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Driving Home the Benefits

Driving Home the Benefits

The Victorian government's Investment Management Standard and Investment Logic Maps is now being applied to all types of government investments and is delivering both process savings and benefits.

One of the authors of the Victorian government's Investment Management Standard and Investment Logic Maps says the impact of the new approach has been "flabbergasting."

A principal strategist in the Commercial division of the Victorian Department of Treasury and Finance, Terry Wright, says the standard, designed to lower investment costs, improve delivered benefits and build strategic capability in ICT projects, is now being applied to all types of government investments and is delivering both major process savings and benefits.

Wright's comments came as research group Ovum praised the initiative as a way to sheet home accountability for outcomes with the business.

Dr Steve Hodgkinson, Ovum research director within the IT public sector, says the standard and maps, developed over a four-year period by Victorian government's Office of the CIO, help the executive team get 'on the same page' with the organization's major IT investments.

"IT investments have become clouded in a fog of complexity, with business cases comprising a cornucopia of detail but often failing to secure the understanding and support of the executive team," Hodgkinson says.

"The problem is that organizations have become preoccupied with managing IT as projects and lose sight of the common sense business logic of the investment. We need simpler techniques to manage the life cycle of an investment to create business value, not just better ways to manage projects. This means finding new ways to engage and sustain the attention of executives who are interested in understanding and delivering business value. "

"A good start is to use Investment Logic Maps to define the key logic of a proposed investment on one page. This can be developed in a few hours in a facilitated workshop. The investor executives participate in the process of setting the core logic of the proposal, helping them understand the real drivers of value and also the non-IT enablers required for value to be realized. This helps secure executive engagement in the project and also provides a way to sheet home accountability for outcomes with the business, rather than an IT project manager. "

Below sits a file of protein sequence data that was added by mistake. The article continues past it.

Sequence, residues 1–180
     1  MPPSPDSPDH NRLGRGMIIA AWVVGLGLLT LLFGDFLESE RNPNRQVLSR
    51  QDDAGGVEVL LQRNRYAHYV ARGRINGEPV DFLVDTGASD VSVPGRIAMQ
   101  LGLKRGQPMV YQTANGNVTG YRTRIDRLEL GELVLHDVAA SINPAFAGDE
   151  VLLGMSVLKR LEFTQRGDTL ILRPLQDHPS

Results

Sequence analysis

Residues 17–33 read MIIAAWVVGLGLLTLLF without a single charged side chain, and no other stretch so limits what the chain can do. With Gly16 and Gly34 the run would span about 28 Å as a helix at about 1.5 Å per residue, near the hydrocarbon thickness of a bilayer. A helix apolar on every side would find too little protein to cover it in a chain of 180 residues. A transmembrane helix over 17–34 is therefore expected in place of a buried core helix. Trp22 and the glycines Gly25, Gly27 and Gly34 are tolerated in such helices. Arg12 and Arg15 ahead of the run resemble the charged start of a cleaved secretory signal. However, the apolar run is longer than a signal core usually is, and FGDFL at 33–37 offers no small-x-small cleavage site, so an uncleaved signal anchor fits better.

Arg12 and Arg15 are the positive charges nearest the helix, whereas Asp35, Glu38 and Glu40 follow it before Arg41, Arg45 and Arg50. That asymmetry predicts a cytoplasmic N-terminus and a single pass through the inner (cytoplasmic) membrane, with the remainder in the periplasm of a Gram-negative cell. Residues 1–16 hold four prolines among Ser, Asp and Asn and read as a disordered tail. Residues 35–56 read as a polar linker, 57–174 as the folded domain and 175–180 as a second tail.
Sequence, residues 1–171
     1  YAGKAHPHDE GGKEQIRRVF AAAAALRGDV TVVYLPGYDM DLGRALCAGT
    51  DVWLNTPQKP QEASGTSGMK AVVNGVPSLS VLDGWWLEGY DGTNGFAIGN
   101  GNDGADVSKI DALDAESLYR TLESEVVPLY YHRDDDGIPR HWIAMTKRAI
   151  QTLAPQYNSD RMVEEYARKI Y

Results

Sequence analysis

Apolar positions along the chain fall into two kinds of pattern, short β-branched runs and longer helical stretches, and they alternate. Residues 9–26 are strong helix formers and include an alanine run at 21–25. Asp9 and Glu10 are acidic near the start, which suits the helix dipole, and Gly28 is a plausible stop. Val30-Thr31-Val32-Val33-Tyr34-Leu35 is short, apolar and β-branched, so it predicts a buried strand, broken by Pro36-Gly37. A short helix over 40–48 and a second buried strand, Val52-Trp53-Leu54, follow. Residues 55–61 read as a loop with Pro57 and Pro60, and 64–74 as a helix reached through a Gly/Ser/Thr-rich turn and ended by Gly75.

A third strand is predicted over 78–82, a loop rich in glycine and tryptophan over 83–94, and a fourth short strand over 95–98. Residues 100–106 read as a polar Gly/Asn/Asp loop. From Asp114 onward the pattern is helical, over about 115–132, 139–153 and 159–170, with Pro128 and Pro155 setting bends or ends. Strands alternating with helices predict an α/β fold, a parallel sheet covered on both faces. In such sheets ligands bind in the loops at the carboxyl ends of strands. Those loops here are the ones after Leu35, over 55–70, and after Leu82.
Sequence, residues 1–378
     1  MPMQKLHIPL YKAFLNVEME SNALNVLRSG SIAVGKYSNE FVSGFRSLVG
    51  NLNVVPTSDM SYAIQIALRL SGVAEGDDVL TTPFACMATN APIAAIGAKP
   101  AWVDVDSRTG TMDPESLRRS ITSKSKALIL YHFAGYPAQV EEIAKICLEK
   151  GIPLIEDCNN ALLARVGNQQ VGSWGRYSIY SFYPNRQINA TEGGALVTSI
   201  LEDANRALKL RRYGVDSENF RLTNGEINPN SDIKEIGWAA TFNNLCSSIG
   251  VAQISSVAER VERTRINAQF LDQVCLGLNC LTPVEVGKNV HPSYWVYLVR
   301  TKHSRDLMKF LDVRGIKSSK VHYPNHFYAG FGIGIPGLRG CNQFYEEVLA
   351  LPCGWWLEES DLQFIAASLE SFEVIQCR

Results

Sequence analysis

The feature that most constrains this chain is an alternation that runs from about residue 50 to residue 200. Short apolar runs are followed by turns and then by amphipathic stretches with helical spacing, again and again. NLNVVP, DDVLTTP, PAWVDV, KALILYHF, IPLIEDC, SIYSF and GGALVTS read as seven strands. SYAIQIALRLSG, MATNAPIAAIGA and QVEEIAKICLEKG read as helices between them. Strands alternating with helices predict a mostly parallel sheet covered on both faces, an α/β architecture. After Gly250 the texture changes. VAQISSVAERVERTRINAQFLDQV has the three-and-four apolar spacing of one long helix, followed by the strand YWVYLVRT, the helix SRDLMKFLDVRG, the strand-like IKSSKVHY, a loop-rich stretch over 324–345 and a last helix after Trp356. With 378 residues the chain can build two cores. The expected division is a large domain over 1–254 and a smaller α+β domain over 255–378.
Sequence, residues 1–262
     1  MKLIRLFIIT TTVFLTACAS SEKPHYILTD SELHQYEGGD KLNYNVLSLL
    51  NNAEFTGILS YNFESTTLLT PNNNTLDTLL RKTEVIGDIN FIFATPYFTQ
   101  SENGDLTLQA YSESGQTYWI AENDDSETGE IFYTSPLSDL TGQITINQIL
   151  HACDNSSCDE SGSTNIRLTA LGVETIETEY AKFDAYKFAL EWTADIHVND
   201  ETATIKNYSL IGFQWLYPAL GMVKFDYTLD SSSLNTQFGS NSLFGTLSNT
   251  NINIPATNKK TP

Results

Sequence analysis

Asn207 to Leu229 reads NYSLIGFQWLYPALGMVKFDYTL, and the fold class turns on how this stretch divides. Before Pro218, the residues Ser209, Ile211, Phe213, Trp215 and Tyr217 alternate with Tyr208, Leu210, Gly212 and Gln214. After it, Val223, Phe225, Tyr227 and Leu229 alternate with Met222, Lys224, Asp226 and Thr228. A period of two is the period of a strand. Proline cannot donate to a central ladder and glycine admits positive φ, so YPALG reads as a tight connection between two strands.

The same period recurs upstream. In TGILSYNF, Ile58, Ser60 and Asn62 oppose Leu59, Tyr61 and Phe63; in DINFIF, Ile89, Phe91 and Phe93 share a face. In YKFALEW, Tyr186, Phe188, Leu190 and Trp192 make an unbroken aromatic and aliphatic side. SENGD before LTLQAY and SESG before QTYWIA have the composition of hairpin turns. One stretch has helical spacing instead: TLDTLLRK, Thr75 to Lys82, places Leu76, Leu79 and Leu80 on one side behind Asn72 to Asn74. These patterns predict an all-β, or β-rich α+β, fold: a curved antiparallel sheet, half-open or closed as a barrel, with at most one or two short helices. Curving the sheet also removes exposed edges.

The government says the outcome of the two workshops is a clear and concise articulation of the investment proposal and the full engagement of the senior executives. Wright says it achieves major process savings, forces a focus on reuse and ensures maximum value from IT spend.

Investment management begins by engaging the relevant senior executive in a structured two-hour dialogue that focuses on articulating the business problem, the benefits that are expected to be achieved and how their delivery will be ultimately measured. An independent study by KPMG of the impact on the 2006 budget process conservatively estimated application of the standard had driven down the costs of the investment by 10 per cent and resulted in a 20 per cent increase in delivered benefits, although Wright believes the real figure for the latter is many times more.

Wright says 650 senior public servants have now been through the workshops, including 120 senior police officers.

"In Victoria we have a major project reporting process where the 25 top or most risky ICT investments across government are reported quarterly. When this reporting started two years ago none of them had benefits management plans. Now all of them have and six are actually reporting benefits at the moment. So because of the focus on benefits you not only get more benefits but the investment solution is shaped around the KPIs that must be met to indicate the benefits have been delivered" he says.

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